Graded recruitment and hunting strategies linked to prey weight and size in the ponerine ant Ectatomma ruidum
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- Schatz, B., Lachaud, JP. & Beugnon, G. Behav Ecol Sociobiol (1997) 40: 337. doi:10.1007/s002650050350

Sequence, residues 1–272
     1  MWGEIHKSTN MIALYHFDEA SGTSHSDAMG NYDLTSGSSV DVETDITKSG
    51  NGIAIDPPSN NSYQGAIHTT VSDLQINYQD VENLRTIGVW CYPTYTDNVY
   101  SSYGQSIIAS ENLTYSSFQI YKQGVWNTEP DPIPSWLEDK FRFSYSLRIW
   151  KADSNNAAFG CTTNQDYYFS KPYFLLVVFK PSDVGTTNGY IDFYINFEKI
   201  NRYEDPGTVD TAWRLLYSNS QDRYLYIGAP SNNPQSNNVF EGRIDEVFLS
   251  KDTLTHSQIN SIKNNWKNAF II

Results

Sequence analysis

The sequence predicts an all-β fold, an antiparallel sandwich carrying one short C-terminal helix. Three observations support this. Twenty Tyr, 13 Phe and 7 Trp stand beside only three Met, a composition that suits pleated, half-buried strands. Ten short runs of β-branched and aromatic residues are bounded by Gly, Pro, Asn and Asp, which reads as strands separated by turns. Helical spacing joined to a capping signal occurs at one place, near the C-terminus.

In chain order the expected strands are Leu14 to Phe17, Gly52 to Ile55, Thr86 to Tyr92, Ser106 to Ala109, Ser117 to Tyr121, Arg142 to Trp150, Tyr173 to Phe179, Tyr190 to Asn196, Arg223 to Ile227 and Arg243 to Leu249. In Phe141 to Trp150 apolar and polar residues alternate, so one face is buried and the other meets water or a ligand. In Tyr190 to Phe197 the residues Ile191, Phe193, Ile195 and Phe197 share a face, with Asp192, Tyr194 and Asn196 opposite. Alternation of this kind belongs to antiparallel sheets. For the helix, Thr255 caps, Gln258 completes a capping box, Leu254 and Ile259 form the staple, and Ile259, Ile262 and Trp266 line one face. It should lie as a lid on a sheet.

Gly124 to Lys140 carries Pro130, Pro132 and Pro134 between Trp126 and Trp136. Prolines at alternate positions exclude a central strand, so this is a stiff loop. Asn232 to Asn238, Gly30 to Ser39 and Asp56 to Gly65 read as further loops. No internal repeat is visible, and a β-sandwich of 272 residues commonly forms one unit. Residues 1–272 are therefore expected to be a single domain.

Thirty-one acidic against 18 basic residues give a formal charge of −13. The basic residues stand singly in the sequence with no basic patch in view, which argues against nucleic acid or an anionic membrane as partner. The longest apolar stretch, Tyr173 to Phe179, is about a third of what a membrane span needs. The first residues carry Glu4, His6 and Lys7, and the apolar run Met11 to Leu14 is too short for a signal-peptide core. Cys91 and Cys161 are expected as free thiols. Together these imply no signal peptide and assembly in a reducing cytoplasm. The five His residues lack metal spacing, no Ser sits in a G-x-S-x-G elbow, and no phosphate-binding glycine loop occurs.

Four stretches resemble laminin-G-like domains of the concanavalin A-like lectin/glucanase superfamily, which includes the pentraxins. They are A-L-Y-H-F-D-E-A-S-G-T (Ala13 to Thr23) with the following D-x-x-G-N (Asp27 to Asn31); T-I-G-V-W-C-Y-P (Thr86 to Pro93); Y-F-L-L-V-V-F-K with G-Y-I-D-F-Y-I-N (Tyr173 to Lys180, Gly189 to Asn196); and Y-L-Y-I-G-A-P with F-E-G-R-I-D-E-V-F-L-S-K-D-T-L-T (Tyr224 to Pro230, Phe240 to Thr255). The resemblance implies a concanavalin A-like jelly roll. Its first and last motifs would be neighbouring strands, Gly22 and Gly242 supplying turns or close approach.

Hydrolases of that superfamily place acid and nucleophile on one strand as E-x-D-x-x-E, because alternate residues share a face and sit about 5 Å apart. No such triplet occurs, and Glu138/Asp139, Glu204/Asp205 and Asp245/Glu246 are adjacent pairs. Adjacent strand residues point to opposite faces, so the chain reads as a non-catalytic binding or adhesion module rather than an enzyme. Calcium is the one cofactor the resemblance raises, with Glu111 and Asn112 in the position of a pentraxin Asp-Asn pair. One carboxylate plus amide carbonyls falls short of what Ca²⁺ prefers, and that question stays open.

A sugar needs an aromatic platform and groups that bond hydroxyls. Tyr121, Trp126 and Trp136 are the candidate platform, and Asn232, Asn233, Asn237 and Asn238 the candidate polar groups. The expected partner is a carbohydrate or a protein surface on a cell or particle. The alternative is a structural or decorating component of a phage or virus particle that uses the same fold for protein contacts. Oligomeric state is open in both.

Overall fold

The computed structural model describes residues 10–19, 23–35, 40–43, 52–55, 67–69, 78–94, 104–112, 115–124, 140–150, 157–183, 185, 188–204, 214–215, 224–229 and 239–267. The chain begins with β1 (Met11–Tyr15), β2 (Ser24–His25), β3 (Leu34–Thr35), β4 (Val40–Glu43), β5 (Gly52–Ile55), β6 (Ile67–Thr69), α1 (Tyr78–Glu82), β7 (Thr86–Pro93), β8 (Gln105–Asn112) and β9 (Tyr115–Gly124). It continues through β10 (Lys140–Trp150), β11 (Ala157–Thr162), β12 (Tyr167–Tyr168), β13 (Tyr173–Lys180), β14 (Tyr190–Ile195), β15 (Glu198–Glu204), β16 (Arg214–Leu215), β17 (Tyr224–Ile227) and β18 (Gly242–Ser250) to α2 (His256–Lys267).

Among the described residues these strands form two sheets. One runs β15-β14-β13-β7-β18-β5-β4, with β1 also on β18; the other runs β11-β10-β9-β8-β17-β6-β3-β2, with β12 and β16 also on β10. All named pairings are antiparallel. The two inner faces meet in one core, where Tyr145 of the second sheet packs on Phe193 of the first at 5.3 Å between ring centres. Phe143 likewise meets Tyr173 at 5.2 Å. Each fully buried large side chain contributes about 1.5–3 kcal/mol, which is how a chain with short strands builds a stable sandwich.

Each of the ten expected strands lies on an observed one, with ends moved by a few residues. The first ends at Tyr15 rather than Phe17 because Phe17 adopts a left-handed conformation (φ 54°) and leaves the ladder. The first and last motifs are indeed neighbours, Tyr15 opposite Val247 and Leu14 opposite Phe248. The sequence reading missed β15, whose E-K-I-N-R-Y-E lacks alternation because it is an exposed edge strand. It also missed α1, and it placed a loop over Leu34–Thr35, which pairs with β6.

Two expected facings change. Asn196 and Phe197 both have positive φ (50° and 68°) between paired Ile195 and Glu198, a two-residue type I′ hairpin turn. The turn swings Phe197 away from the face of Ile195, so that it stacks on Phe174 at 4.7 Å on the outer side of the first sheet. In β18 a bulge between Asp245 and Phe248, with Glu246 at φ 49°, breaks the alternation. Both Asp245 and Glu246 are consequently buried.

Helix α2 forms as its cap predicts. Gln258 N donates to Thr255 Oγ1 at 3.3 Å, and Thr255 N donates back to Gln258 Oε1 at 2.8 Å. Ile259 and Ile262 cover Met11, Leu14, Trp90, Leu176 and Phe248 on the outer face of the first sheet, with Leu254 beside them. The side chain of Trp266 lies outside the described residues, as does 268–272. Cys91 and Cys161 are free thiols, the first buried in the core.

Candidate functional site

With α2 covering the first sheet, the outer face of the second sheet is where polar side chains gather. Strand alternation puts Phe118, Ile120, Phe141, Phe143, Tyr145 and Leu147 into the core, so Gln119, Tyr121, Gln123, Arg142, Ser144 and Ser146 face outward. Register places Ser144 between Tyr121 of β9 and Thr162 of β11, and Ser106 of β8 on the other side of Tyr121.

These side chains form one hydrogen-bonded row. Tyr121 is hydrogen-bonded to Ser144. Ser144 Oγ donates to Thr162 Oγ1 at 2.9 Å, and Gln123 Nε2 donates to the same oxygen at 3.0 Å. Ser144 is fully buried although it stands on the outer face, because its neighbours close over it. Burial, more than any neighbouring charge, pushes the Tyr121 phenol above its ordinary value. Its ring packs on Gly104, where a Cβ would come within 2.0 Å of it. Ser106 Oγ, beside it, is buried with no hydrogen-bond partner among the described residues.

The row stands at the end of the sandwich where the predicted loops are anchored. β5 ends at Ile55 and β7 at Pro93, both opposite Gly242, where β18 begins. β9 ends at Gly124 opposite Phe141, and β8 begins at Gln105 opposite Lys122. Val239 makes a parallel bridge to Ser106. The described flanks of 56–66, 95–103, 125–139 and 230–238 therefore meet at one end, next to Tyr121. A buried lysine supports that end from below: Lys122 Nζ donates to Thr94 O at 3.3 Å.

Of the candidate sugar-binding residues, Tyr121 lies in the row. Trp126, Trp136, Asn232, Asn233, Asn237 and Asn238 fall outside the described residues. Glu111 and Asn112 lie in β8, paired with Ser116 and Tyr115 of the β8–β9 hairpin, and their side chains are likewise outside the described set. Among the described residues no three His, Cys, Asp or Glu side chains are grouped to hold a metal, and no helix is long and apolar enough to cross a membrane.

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According to the weight and size of their prey, Ectatomma ruidum workers can employ different recruitment systems (solitary hunting, cooperative hunting and group hunting with recruitment) when mastering and retrieving prey items from short distances from the nest. Prey size determined the backwards entry typically adopted by this species, while prey weight determined the predatory strategy selected. After a common initial sequence (search for prey, detection, localization), predatory sequences varied in terms of the type of approach, the site of seizure, the reaction after stinging and the type of transport. Nevertheless, irrespective of prey weight and size, seizure was preferentially oriented towards the head and prey were always stung. Short-range recruitment and mass recruitment without trail laying were elicited by a large range of heavy prey (> 2.5 times the weight of an individual worker). According to the mortality risk associated with each prey, hunters exhibited a “prudent” stinging posture associated with an increase in the duration of the subsequent phase of waiting for prey immobilization. The overall time of capture was positively correlated with the weight of the prey. When collective hunting strategies were involved, E. ruidum colonies matched the number of recruited hunters to the size and weight of the prey. Compared to solitary hunting strategies, for short food–nest distances, this graded recruitment appeared to enhance the energetic benefits derived by this species from the use of recruitment systems: the higher the number of workers involved in the recruitment process, the greater the energetic benefits obtained. The exhibition or absence of trail laying behavior in the recruitment responses displayed by E. ruidum workers is discussed in relation to their involvement in scavenging or predatory behavior.